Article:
Passing onto the limit in (51), we conclude
(52)limk→∞∥yk-tk∥=0.
The proof is complete.

Theorem 9.
Let Ω be a nonempty, closed, and convex subset of H, let f be a monotone and L-Lipschitz continuous mapping, and F(S) ∩ Ω*≠∅. Then the sequences {xk}k=0∞, {yk}k=0∞, {tk}k=0∞ generated by Algorithm A converge weakly to the same point x*∈F(S)∩Ω*, where x*=limk→∞PF(S)∩Ω*(xk).

Proof.
By Theorem 8, we know that {xk}k=0∞ is bound, which implies that there exists a subsequence {xki}i=0∞ of {xk}k=0∞ that converges weakly to some points x*∈F(S)∩Ω*.

First, we investigate some details of x*∈F(S).

Letting x′∈F(S)∩Ω*, since S is nonexpansive mapping, from (29) we have
(53)∥Stk-x′∥≤∥tk-x′∥≤∥xk-x′∥.
Passing onto the limit in (53), we obtain
(54)limk→∞∥Stk-x′∥≤ξ.
Then by (25) we have
(55)limk→∞∥αk(xk-x′)+(1-αk)(Stk-x′)∥ =limk→∞∥xk+1-x′∥=ξ.
From Lemma 6, it follows that
(56)limk→∞∥Stk-xk∥=0.
By the triangle inequality, we have
(57)∥Sxk-xk∥≤∥Sxk-Stk∥+∥Stk-xk∥≤∥xk-tk∥+∥Stk-xk∥,
and then passing onto the limit in (57), we deduce that
(58)limk→∞∥Sxk-xk∥=0,
which imply that x*∈F(S) by Lemma 3.

Second, we describe the details of x*∈Ω*.

Since xki⇀x*, using Theorem 8 we claim that tki⇀x* and yki⇀x*.

Letting (v,u)∈G(T), we have
(59)u∈T(v)=f(v)+NΩ(v), u-f(v)∈NΩ(v),
thus,
(60)〈v-x*,u-f(v)〉≥0, ∀ x*∈Ω.
Applying (8) by letting x=xk-f(xk),y=v, we have
(61)〈xk-f(xk)-PΩ(xk-f(xk)),PΩ(xk-f(xk))-v〉≥0,
that is,
(62)〈xk-f(xk)-yk,yk-v〉≥0.
Note that u-f(v)∈NΩ(v) and tk∈Ω, then
(63)〈v-tki,u〉 ≥〈v-tki,f(v)〉 ≥〈v-tki,f(v)〉-〈xki-f(xki)-yki,yki-v〉 =〈v-tki,f(v)-f(tki)〉+〈v-tki,f(tki)〉 -〈v-yki,yki-xki〉-〈v-yki,f(xki)〉 ≥〈v-tki,f(tki)〉-〈v-yki,yki-xki〉 -〈v-yki,f(xki)〉,
where the last inequation follows from the monotone of f.

Since f is continuous, by (37) we have
(64)limi→∞f(xki)=limi→∞f(yki), limi→∞xki=limi→∞tki.
Passing onto the limit in (63), we obtain
(65)〈v-x*,u〉≥0.
As f is maximal monotone, we have x*∈f-1(0), which implies that x*∈Ω*.

At last we show that such x* is unique.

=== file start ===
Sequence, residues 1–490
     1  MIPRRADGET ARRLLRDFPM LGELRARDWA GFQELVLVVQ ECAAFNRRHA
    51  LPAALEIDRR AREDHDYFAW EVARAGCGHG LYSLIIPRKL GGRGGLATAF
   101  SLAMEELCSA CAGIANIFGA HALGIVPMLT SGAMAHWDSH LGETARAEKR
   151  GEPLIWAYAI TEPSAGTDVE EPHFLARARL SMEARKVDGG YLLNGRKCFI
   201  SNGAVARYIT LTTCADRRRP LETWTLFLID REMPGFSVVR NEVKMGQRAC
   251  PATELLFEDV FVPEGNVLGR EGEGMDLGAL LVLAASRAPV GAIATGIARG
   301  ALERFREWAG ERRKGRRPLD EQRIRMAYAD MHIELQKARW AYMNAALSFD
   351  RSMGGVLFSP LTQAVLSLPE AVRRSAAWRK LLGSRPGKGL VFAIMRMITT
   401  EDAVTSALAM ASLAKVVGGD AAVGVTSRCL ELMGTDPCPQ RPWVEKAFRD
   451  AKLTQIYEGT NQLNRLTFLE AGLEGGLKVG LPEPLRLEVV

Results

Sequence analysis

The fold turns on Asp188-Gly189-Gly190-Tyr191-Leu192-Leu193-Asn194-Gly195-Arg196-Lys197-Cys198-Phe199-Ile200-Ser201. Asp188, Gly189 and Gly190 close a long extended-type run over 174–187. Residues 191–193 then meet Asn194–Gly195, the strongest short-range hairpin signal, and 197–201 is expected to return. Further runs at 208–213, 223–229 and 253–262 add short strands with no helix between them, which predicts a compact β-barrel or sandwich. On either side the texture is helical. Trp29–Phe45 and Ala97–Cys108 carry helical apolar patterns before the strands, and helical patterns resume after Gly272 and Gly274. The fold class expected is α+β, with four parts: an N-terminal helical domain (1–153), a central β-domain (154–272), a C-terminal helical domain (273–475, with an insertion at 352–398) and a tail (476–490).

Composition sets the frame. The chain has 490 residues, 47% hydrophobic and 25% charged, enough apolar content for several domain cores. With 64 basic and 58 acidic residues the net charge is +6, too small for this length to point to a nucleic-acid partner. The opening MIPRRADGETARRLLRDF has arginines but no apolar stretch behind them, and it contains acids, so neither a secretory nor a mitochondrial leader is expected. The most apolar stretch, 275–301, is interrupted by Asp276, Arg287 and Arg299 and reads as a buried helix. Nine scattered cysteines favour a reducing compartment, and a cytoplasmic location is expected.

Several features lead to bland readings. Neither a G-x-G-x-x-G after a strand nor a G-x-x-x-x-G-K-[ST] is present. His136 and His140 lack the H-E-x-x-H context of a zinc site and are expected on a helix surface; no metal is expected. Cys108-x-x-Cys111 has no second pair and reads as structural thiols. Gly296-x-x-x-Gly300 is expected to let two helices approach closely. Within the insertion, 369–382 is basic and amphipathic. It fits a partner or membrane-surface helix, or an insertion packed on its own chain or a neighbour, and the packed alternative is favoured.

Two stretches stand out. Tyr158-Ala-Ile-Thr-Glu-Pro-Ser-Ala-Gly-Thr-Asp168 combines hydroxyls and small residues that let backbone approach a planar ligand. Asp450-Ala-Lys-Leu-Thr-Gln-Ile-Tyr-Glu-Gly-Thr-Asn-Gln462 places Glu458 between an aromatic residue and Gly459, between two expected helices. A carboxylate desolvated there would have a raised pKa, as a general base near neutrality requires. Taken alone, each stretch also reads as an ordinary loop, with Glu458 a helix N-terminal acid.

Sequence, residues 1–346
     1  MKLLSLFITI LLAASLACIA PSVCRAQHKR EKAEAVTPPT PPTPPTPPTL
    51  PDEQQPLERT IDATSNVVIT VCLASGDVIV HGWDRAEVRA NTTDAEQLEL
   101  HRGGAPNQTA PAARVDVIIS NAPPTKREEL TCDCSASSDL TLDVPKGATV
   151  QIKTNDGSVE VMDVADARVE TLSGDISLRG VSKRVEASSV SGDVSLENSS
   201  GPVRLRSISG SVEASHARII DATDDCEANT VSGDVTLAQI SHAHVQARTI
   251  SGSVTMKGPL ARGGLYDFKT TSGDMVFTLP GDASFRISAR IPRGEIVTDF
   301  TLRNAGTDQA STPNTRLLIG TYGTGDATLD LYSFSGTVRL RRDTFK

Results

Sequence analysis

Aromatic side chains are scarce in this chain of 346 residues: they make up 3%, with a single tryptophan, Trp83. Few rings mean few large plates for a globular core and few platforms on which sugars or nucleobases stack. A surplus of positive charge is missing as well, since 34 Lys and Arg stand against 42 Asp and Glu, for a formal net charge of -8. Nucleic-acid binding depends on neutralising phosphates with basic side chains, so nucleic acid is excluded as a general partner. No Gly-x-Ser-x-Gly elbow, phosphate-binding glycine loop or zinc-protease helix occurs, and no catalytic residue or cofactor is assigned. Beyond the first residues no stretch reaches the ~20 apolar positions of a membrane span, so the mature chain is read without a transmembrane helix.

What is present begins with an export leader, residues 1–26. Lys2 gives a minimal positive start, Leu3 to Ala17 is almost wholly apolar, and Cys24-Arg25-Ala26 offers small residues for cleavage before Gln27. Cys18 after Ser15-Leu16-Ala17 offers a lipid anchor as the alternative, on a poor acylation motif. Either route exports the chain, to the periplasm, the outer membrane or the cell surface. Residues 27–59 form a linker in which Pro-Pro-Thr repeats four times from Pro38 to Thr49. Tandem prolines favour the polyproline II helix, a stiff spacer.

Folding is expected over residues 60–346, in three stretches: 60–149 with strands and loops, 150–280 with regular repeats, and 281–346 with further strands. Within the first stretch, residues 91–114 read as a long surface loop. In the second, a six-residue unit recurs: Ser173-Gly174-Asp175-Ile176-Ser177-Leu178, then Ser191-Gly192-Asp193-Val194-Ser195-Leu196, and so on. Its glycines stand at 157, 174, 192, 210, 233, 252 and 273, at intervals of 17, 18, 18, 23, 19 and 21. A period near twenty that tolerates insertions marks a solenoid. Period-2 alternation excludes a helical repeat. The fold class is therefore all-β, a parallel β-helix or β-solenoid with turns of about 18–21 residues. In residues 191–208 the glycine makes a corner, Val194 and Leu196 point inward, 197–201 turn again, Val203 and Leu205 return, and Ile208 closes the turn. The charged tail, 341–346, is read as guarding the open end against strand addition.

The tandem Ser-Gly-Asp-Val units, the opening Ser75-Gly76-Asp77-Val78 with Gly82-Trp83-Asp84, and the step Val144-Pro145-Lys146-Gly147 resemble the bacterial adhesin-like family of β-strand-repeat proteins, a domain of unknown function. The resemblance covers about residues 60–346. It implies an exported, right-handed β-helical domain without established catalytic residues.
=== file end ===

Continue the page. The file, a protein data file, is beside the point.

Let {xkj}j=0∞ be another subsequence of {xk}k=0∞, such that xkj⇀xΔ*. Then we conclude that xΔ *∈F(S)∩Ω*. Suppose xΔ*≠x*; by Lemma 2 we have
(66)limk→∞∥xk-x*∥ =liminfi→∞∥xki-x*∥<liminfi→∞∥xki-xΔ *∥=limk→∞∥xk-xΔ *∥ =liminfj→∞∥xkj-xΔ *∥<liminfj→∞∥xkj-x*∥=limk→∞∥xk-x*∥,
which implies that limk→∞∥xk-x*∥<limk→∞∥xk-x*∥, and this is a contradiction. Thus, x*=xΔ *, and the proof is complete.

4. Further Study
In this section we propose an extension of Algorithm A, which is effective in practice. Similar to the investigation in Section 3, for the constant τ >0, we define a new projected residual function as follows:
(67)r(x,τ):=x-PΩ(x-τf(x)).
It is clear that the new projected residual function (67) degenerates into (20) by setting τ =1.

Algorithm B.
Step 0. Take δ∈(0,1), γ∈(0,1), η-1>0, θ>1, x0∈Ω, and k=0.

Step 1. For the current iterative point xk∈Ω, compute
(68)yk=PΩ(xk-τkf(xk)),zk=(1-ηk)xk+ηkyk,
where τk=min{θηk-1,1}, ηk=γnkτk and nk being the smallest nonnegative integer n satisfying
(69)〈f(xk-γnτkr(xk,τk)),r(xk,τk)〉≥δτk ∥r(xk,τk)∥2.
Compute
(70)tk=PHk∩Ω(xk),xk+1=αkxk+(1-αk)Stk,
where {αk}⊂(a,b) (a,b∈(0,1)) and Hk={x∈Ω∣〈x-zk,f(zk)〉≤0}.

Step 2. If ∥r(xk,τk)∥=0, stop; otherwise go to Step 1.

At the rest of this section, we discuss the weak convergence property of Algorithm B.

Lemma 10.
For any τ>0, one has
(71)x*is the solution of VI(f,Ω)⟺x*=PΩ(x*-τf(x*)).

Therefore, solving variational inequality is equivalent to finding a zero point of the projected residual function r(•,τ). Meanwhile we know that r(x,τ) is a continuous function of x, as the projection mapping is nonexpansive.

Lemma 11.
For any x∈Rn and τ1≥τ2>0, it holds that
(72)∥r(x,τ1)∥≥∥r(x,τ2)∥.

Theorem 12.
Let Ω be a nonempty, closed, and convex subset of H, let f be a monotone and L-Lipschitz continuous mapping, and F(S)∩Ω*≠∅. Then for any sequence {xk}k=0∞, {tk}k=0∞ generated by Algorithm B, one has
(73)∥tk-x*∥2≤∥xk-x*∥2-∥xk-tk∥2 +2ηk〈r(xk,τk),f(zk)〉∥f(zk)∥2〈zk-tk,f(zk)〉.

Proof.
The proof of this theorem is similar to Theorem 7, so we omit it.

Theorem 13.
Let Ω be a nonempty, closed, and convex subset of H, let f be a monotone and L-Lipschitz continuous mapping, and F(S)∩Ω*≠∅. Then for any sequences {xk}k=0∞, {yk}k=0∞, {tk}k=0∞ generated by Algorithm B, one has
(74)∥xk+1-x*∥2≤∥xk-x*∥2-1-αk2∥xk-tk∥2.
Furthermore,
(75)limk→∞∥xk-yk∥=0,limk→∞∥xk-tk∥=0,limk→∞∥yk-tk∥=0.

Proof.
The proof of this theorem is similar to the Theorem 8. The only difference is that (44) is substituted by
(76)〈f(xk-γ-1ηkr(xk,τk)),r(xk,τk)〉<δτk ∥r(xk,τk)∥2,
where (76) follows from Lemma 11 with τ1=1 and τ2=τk.

Theorem 14.
Let Ω be a nonempty, closed, and convex subset of H, let f be a monotone and L-Lipschitz continuous mapping, and F(S)∩Ω*≠∅. Then the sequences {xk}k=0∞, {yk}k=0∞, {tk}k=0∞ generated by Algorithm B converge weakly to the same point x*∈F(S)∩Ω*, where x*=limk→∞PF(S)∩Ω*(xk).